The lonesome grave of a travelling labourer

As a native of Lancashire, I always return to my hometown of Preston to visit my family at Christmas, and one bright Sunday morning I visited the nearby village of Ribchester, probably best known as an old Roman fort. I often visited this place as a child, as there was (and still is) an excellent children’s playground there. We would also inevitably visit the ruins of the Roman bath house, which were not fenced off and to a small child presented an exciting labyrinth of tumbled stones and low walls to clamber over. In Roman times, Ribchester was called Bremetenacum Veteranorum – a possible translation of this is “the hilltop settlement of the veterans.” Some ruins of the fort, including the bath house and granaries, can still be seen today, and many buildings in the village are built with reused Roman stones and columns.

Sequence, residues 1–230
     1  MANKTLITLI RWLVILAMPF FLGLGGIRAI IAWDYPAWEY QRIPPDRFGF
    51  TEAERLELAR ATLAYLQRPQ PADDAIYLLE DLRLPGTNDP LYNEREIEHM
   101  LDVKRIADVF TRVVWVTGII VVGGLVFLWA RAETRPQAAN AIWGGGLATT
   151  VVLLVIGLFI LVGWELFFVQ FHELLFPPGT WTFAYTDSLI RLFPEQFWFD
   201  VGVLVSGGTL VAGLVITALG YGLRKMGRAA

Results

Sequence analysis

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Ruins of Ribchester’s Roman granaries

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Fallen comrades: Caroline of Brunswick’s life and death in Hammersmith

Hammersmith, with its riverside factories and wharves, was badly bombed during the Second World War – but that’s a story for another blog post.  Amongst the postwar concrete of the immediate area around Hammersmith tube station, a few older buildings and facades remain: a Georgian building that now houses a Chinese restaurant, rows of 19th Century villas leading down towards the river, and the splendid Gothic church of St Paul, built from a distinctive pinkish stone.

St Paul's Church, Hammersmith
St Paul’s Church, Hammersmith

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